The federal government is proposing changes to the rebate on private health insurance, which Private Healthcare Australia (PHA) says will mean millions of Australians will have to pay more for their private health cover or wait longer for care.
The changes which the government intends to implement are the removal of the rebate from the Lifetime Health Cover loading from July 1 2013 and adjustments to the rebate's indexation which will see the rebate reduce "relative to the premium you pay for your cover" from April 1 2014.
PHA stated that until recently everyone with private health insurance received the 30 per cent rebate to help make cover more affordable, but with the rebate becoming means-tested on July 1 2012, the eligibility for the rebate "now depends on what income you earn".
Singles that earn more than $84,001 and families that exceed $168,001 this financial year (2012-13) will have their rebate affected.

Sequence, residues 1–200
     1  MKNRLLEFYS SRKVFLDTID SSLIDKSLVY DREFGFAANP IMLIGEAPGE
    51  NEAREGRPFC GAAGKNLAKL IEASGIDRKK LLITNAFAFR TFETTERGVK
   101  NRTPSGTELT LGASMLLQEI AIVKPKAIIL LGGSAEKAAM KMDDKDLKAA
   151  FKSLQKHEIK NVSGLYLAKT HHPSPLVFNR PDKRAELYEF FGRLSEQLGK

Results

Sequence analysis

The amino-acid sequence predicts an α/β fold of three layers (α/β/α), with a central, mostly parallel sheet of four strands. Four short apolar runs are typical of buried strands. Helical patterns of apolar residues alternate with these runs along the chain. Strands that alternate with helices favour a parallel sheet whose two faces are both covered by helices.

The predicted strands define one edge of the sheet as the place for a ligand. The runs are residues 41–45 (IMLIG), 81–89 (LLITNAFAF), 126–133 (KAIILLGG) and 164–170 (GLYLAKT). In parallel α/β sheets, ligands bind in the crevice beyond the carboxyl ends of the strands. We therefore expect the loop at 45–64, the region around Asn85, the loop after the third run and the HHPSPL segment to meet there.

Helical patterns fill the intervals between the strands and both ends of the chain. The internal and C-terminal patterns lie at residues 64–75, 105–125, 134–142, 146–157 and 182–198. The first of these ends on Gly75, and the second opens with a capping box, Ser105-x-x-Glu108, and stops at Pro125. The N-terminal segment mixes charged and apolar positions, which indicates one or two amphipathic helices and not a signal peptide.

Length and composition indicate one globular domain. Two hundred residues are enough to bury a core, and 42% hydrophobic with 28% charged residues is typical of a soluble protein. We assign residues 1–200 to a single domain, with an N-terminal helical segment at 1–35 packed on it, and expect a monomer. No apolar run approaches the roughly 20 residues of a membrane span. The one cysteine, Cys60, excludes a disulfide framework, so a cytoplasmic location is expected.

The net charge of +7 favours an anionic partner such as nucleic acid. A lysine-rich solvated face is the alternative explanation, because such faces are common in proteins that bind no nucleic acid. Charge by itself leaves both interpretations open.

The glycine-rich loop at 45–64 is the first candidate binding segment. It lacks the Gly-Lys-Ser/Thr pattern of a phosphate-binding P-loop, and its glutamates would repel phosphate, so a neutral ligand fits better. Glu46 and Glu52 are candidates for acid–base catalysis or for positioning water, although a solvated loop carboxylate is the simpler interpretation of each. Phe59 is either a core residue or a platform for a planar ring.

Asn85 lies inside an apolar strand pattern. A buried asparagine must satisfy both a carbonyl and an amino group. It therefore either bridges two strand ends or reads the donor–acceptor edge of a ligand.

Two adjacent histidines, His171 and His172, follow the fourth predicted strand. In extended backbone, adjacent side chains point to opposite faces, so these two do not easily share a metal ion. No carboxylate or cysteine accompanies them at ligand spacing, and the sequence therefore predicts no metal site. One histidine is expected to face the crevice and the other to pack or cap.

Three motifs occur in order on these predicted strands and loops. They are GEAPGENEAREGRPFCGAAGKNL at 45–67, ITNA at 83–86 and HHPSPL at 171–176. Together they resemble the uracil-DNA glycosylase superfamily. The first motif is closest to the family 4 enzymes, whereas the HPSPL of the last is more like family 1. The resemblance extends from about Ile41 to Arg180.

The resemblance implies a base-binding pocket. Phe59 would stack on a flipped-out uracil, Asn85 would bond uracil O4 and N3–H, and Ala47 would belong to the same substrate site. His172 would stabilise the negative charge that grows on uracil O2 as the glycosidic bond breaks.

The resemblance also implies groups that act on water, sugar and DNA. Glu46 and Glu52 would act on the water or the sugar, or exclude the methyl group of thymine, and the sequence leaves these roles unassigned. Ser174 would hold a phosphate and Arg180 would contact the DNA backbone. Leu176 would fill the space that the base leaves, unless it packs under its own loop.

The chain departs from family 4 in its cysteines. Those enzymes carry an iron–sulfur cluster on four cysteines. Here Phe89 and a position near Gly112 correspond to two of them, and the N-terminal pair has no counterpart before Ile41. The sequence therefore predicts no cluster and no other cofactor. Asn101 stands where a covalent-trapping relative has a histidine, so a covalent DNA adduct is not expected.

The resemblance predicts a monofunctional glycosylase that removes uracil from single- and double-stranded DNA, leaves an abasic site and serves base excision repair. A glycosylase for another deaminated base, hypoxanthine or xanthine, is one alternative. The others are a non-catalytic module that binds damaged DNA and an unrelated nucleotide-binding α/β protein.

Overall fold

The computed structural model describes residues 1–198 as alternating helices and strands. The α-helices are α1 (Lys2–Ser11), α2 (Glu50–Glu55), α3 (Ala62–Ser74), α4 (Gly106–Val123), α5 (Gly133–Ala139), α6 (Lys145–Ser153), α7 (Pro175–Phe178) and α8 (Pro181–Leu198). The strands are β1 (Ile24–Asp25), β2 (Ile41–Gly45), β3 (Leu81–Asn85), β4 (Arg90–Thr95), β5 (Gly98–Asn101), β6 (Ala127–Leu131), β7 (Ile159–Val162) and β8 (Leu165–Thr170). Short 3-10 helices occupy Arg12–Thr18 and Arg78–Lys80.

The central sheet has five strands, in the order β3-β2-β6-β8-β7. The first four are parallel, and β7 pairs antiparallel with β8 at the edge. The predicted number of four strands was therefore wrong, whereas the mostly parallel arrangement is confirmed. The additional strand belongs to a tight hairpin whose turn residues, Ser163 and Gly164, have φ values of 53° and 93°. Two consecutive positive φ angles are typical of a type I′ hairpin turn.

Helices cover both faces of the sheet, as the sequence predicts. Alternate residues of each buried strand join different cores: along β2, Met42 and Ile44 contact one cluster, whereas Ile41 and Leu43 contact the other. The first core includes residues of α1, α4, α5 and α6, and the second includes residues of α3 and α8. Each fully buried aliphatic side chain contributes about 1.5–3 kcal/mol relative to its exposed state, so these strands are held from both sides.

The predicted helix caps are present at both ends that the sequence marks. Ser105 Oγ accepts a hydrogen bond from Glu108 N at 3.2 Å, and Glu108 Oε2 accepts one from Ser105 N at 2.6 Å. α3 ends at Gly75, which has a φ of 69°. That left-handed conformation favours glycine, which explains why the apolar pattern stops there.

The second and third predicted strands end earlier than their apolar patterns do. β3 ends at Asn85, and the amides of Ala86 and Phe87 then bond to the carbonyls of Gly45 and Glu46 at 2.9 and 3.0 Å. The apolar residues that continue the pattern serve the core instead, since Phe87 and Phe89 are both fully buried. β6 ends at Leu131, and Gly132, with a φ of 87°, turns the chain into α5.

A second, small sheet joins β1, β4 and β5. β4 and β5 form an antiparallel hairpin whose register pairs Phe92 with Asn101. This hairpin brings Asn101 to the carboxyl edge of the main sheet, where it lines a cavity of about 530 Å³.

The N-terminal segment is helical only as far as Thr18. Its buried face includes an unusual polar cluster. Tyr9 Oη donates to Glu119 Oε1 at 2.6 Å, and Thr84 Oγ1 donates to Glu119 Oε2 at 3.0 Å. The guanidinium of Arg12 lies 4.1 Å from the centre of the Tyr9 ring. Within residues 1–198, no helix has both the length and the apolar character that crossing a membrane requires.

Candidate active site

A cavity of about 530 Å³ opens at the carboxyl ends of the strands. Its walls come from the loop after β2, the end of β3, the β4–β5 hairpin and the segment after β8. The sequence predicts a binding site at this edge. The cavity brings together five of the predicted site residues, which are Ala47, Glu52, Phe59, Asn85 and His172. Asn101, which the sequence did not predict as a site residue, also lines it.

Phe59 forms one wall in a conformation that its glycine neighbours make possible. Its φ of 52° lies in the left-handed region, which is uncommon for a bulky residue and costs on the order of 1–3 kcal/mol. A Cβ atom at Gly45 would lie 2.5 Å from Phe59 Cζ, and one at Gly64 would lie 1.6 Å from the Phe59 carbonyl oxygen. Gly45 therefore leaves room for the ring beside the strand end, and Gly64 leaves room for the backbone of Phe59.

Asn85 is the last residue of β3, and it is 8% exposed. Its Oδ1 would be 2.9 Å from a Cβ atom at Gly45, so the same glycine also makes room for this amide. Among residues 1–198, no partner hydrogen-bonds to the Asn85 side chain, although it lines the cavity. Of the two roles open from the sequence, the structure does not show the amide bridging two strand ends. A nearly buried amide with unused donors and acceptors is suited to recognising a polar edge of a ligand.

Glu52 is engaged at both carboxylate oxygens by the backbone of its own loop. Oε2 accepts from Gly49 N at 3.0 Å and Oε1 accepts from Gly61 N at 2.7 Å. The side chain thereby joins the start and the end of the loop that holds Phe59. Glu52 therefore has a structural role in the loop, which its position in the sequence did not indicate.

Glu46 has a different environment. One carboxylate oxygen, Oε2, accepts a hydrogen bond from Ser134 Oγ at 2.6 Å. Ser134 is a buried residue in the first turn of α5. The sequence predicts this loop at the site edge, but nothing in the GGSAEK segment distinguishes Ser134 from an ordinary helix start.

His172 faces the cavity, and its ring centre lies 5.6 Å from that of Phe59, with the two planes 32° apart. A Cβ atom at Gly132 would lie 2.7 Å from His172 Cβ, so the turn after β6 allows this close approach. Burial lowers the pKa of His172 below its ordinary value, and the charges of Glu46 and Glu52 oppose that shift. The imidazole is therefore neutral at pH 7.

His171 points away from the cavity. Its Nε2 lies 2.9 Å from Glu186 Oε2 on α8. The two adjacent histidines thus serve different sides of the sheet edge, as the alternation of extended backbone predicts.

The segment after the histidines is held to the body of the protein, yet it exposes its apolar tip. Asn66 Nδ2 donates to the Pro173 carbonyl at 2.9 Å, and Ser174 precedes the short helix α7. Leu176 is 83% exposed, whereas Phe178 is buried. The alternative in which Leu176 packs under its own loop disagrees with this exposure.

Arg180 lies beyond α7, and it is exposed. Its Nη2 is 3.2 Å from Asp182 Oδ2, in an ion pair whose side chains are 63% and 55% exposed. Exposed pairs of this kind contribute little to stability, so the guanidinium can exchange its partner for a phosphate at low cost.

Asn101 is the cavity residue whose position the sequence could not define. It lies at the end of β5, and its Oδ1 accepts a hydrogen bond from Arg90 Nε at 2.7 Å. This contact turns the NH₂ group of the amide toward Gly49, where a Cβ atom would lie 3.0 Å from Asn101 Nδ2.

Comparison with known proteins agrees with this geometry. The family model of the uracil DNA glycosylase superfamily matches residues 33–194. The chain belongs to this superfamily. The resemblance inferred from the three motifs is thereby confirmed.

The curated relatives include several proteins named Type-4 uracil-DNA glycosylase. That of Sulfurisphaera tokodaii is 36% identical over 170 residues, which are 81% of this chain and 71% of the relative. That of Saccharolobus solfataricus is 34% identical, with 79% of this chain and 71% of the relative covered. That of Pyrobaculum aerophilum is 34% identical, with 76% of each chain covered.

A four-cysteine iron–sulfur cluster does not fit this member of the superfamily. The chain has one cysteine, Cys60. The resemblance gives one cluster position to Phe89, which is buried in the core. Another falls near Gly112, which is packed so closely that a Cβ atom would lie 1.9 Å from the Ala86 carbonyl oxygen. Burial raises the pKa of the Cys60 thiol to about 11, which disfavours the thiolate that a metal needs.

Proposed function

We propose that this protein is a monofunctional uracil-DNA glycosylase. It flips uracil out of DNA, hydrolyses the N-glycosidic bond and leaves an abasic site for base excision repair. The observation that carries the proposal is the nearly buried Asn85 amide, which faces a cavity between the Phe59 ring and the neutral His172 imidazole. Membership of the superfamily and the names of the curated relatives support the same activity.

Under the new measures, the government will not pay a rebate on the Lifetime Health Cover (LHC) loading component of the premium anymore.
Lifetime Health Cover is a loading that is added on top of an individual's hospital premium at 2 per cent for every year that they are over the age of 30 when they take out hospital cover – reaching to a maximum of 70 per cent.
These new changes will affect all Australians, the PHA warns.
"If you are one of the 12.4 million Australians with private health insurance your cover will become less affordable, and over time, more people will depend on public hospitals for their treatment," the PHA stated on the YouShouldKnow private health information website.
"This will place enormous pressure on our public health system which everyone knows is already under strain."
Legislation has been introduced to the parliament by the federal government to remove the Lifetime Health Cover's rebate component, with PHA stating that they will "soon look to do the same" for changes to the indexation of the rebate.
The PHA has launched a campaign – Save Your Rebate – to stop the changes, by encouraging Australians to tell their federal MPs to vote against the proposed legislation.